Traditionally, the cocoa mass is be transferred to a separate machine called a conch, where it is further refined. Many modern artisans combine the grinding and conching into a single process using a machine called a melanger. This is simply a large metal cylinder with two rotating granite wheels that grind and refine the chocolate into very small particles.

It’s during this process that sugar, milk powder (for milk chocolate) and other flavourings are added to the chocolate. The conching process can take anything from a few hours to a few days and affects the chemical structure of the chocolate, as well as the particle size. This part of the process has a very big impact on the flavour notes in the finished chocolate, and deciding exactly how long to conch for is part of the chocolate maker’s skill.


Great chocolate should have a shiny finish and a good “snap” – that clean clicking sound when you break a piece off. These are created by tempering, the controlled process of raising, lowering and raising the temperature of the chocolate to form exactly the right kind of crystals. If you were to let the untempered chocolate cool naturally, the chocolate would be soft and crumbly and would not melt evenly on the tongue. Tempering can be done by hand, but the process would be enormously time consuming for the large amounts of chocolate that bar manufacturers have to work with, so most use tempering machines that can heat large quantities of chocolate very accurately. The tempering machine will keep the melted chocolate circulating at exactly the right temperature, making the final step easier.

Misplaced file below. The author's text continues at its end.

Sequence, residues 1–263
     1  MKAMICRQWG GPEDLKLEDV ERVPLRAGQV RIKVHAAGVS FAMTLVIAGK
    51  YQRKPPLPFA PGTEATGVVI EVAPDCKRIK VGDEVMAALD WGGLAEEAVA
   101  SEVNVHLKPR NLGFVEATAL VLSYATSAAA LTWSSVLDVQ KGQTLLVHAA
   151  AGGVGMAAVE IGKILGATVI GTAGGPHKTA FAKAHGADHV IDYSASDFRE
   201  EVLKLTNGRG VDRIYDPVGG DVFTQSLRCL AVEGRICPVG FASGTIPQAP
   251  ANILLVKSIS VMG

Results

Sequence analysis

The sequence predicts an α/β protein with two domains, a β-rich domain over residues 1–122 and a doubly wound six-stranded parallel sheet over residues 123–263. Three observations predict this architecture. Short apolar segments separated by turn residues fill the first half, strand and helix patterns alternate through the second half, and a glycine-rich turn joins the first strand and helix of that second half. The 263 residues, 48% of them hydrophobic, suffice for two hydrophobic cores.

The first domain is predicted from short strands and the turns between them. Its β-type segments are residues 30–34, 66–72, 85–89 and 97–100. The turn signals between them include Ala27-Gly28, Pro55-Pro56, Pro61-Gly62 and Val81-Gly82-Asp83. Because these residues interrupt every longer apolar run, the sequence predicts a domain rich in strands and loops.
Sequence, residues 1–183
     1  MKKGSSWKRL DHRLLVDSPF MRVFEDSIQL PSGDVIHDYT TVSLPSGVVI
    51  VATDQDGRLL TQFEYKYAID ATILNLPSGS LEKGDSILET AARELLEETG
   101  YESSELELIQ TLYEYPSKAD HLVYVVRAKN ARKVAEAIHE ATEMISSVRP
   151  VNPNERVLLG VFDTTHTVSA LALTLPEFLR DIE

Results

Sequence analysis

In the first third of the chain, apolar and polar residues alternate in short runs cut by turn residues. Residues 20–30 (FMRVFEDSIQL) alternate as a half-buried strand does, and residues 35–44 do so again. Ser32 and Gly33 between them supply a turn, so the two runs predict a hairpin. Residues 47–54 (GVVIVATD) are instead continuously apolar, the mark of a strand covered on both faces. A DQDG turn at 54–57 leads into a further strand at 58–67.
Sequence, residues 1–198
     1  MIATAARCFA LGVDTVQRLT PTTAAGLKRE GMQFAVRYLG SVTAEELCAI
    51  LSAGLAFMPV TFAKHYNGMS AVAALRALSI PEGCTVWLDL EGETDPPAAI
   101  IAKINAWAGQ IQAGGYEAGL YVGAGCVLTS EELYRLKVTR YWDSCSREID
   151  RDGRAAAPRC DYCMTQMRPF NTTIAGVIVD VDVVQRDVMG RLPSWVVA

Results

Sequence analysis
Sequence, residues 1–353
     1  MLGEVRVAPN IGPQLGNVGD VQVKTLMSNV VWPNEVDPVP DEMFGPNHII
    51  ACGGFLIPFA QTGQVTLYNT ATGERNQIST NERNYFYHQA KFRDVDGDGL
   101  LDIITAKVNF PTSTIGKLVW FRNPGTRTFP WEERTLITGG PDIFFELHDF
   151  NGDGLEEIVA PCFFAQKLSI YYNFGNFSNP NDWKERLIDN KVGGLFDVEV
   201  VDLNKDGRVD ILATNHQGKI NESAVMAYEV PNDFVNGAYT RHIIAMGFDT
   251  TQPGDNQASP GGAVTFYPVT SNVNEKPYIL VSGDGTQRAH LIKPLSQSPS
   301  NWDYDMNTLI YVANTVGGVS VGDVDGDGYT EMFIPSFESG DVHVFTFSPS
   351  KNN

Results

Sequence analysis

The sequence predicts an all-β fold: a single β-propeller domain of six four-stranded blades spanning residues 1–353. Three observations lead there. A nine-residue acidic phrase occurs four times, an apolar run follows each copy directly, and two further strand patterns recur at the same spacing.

The final step in making a finished chocolate bar is pouring it into a mould. The melted chocolate is simply poured into plastic bar-shaped moulds and agitated to remove any air bubbles. Larger chocolate makers will have machines and conveyors that deposit exactly the right amount of chocolate into each mould, but many smaller manufacturers still do this part by hand.


The chocolate is prepared for packaging. Some mechanically and some by hand.

Dark Chocalate
Green Tea Chocolate
Milk Chocolate

Dark Chocolate

Ingredients: Cocoa (cocoa mass, butter cocoa) sugar, lecithine (E322i), natural vanilla extract.

Usage: Use the product directly (unnecessary cooking)

Storage conditions: Store in a cool and dry place (temperature 18-22°C, relative humidity of ≤ 60%)

UPC 936135520026

Green Tea Chocolate 

Ingredients: Butter cocoa, sugar, milk powder, green tea powder, lecithine (E322i), natural vanilla extract.

Usage: Use the product directly (unnecessary cooking)

Storage conditions: Store in a cool and dry place (temperature 18-22°C, relative humidity of ≤ 60%)

UPC 93613552003

Milk Chocolate

Ingredients: Cocoa (cocoa mass, butter cocoa) sugar, milk powder, lecithine (E322i), natural vanilla extract.

Usage: Use the product directly (unnecessary cooking)

Storage conditions: Store in a cool and dry place (temperature 18-22°C, relative humidity of ≤ 60%)

UPC 936135520019


  • 12 bars, 24 bars and 3 bar variety pack
  • Each bar 80g net weight 
  • Display shippers available coming in September 2017
  • Counter top displays with 24 and 36 bars

Manufactured in No. 951 Binh Gia, 10 Ward, Vung Tau City, Viet Nam Country